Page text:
CK: Has the Covid-19 pandemic impacted your service?
SBM: I think in terms of setting up the service it’s delayed things a bit, but it is now established. Because of the very predictable results and very little time required in hospital, robotic surgery actually facilitated people coming in and getting major operations performed during this time. It’s been central to our surgical delivery during the pandemic.
JC: People with benign conditions are being told this is not the time to deal with them, but some benign conditions like endometriosis, chronic cysts and fibroids can give you a really difficult time getting on with your normal day to day life. The only work that has been allowed to carry on is mainly cancer and acute surgeries, and even cancer surgeries were cancelled when the second wave hit as we can’t do very big cancer surgeries without backup.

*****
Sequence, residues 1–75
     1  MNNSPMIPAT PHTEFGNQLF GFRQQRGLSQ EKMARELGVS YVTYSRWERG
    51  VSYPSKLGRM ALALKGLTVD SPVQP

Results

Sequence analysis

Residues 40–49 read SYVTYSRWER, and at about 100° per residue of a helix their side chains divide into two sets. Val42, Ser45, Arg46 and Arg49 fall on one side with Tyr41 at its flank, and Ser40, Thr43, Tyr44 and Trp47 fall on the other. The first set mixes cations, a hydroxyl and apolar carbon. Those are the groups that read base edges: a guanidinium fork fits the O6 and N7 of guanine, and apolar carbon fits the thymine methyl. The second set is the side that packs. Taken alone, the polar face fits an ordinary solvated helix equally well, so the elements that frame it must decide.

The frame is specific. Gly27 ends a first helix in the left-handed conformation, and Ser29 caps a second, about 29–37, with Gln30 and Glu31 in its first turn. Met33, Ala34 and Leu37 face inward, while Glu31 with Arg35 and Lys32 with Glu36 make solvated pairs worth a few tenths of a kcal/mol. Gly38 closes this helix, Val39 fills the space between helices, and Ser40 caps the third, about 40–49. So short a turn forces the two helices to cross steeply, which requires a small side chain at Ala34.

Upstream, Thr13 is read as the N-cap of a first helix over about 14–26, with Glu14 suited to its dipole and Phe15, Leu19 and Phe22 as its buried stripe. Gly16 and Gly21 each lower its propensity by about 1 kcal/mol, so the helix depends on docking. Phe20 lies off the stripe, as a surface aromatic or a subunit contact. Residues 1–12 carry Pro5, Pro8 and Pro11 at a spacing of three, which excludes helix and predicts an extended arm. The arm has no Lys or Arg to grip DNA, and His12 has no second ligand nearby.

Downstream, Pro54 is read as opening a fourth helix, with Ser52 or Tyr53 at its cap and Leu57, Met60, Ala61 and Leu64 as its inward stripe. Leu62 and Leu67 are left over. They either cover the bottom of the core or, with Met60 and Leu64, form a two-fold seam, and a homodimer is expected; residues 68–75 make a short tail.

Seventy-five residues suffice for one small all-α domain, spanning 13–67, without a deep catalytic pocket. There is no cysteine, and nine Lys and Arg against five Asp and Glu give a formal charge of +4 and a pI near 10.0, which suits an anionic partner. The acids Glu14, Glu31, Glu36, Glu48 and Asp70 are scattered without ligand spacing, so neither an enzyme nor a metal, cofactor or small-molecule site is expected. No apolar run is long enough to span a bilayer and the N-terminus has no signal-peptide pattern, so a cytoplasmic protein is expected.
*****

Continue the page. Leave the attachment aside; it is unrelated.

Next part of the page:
CK: What is the background of London Bridge Hospital when it comes to robotic surgery?
SBM: London Bridge invested in da Vinci robots pretty early on. It’s got a large urology faculty, principally based with the urologists at St Guy’s Hospital in London. Urological surgeons came to robotic surgery at an early stage compared with most in gynaecology. Essentially there was spare capacity, they’d invested in a robot cost £2m, and they’re expensive assets that need to be used and used to patient benefits.
JC: London Bridge is a fairly progressive hospital, looking to push the boundaries and promote robotic surgery, which surprisingly in a city like London hasn’t really happened so far. In Guildford patients come to us and ask if we’re doing it robotically, which I never get in London. Somehow London has bucked the trend, at least in this field, and gynaecology and gynae-oncology surgery has not been promoted in a bit way. It’s time that changes.